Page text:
When choosing a mode of therapy, you probably would like to improve your (or your child’s) functioning as quickly as possible. Scientists have tested what therapy works for each mental health disorder so we know what works best, and we know that not all therapies were created equal also known as the Dodo Bird Effect.
Cognitive Behavioral Therapy (CBT) is the MOST effective treatment for a number of disorders including depression, anxiety, OCD, and PTSD (Hoffman et al., 2012; Higa-McMillan, Francis, Rith-Najaran, & Chorpita, 2016). When working with a CBT therapist, he/she will teach you about the connection between your thoughts, behaviors, and emotions. You will gain awareness between the interconnectedness between these components and then learn how to challenge negative beliefs, act differently, and improve your emotions and overall well-being.
You may be wondering, “If CBT has been proven to be the most effective treatment for most diagnoses, then why do therapists use other therapies, such as psychoanalytic therapy?”. Well, that is a great question. For one, Psychoanalytical therapy will not focus on providing you tools to help with your daily life. When Freud was providing this type of therapy, most people had to have the time and money to sit (or lay down) in a room for 2 hours a day, 2 times a week, for many years on end. CBT is a short-term focused therapy to help tackle the problems by focusing on the present moment. Also, your therapist will present you with exposures or behavioral experiments. For example, if you have Social Anxiety Disorder, then part of treatment will focus on setting up exposure to attend a social gathering or leave the building with your therapist. When I was leading a group for teens with Social Anxiety, I had two teens greet NYers as they came off the subway. And as you know, NYers can be very angry and in a rush- and they were, but these teens’ anxiety decreased because they learned that it is okay to have someone not like you and it is okay if someone looks at you in a funny way but you can learn how to tolerate that stress.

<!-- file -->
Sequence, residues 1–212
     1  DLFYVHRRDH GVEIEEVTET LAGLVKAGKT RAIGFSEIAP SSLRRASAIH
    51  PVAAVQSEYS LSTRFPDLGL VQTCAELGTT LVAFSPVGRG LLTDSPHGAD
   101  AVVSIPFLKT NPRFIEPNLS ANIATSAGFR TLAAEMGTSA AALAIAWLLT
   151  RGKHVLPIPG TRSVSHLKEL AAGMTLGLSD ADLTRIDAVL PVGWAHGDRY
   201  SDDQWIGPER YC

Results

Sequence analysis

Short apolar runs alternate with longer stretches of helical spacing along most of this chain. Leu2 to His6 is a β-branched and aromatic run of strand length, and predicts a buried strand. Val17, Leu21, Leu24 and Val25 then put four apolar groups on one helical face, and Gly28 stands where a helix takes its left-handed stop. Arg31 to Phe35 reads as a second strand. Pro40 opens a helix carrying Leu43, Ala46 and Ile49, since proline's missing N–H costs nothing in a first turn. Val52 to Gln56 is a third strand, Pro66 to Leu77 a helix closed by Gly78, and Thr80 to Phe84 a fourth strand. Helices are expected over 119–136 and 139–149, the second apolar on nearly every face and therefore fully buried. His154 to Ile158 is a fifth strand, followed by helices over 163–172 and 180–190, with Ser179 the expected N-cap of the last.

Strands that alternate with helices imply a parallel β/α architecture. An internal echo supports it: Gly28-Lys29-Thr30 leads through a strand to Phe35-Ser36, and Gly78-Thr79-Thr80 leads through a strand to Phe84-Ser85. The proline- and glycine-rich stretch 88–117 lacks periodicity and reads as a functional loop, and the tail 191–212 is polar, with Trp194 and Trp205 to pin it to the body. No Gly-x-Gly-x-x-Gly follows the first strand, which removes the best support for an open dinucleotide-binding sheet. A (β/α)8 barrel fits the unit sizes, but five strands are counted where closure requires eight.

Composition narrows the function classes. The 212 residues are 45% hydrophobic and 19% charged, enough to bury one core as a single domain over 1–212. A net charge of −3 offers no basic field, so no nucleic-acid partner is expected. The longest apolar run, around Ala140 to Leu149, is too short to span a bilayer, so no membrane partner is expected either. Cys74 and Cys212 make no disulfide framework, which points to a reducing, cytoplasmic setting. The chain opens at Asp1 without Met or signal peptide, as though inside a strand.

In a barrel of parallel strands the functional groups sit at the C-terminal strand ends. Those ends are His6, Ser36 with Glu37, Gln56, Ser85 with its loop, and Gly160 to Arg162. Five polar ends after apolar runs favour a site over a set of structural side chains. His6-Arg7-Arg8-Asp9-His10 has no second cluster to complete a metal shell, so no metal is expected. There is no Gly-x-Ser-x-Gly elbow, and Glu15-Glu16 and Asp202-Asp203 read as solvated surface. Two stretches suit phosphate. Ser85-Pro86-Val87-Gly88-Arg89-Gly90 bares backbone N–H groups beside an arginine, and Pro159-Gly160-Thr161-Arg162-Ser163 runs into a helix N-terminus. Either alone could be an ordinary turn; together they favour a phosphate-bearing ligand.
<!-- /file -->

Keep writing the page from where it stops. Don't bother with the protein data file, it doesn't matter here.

This is also important to note- Not all CBT therapists were created equal, either! Some therapists know that CBT is the treatment to use so they self-label as CBT when in reality, they are using CBT techniques but not the treatment as it was intended. When searching for a therapist for you or your child, it’s important to ask them questions, such as “How long can I expect treatment to last for this problem” “What techniques do you use” “What is your theoretical orientation”.
Higa-McMillan, C.K., Francis, S.E., Rith-Najarian, L., & Chorpita, B.F. (2016) Evidence base update: 50 years of research on treatment for child and adolescent anxiety, Journal of Clinical Child & Adolescent Psychology, 45 (2), 91-113, DOI: 10.1080/15374416.2015.1046177
Hofmann, S. G., Asnaani, A., Vonk, I. J., Sawyer, A. T., & Fang, A. (2012). The efficacy of cognitive behavioral therapy: A review of meta-analyses. Cognitive Therapy and Research, 36(5), 427-440.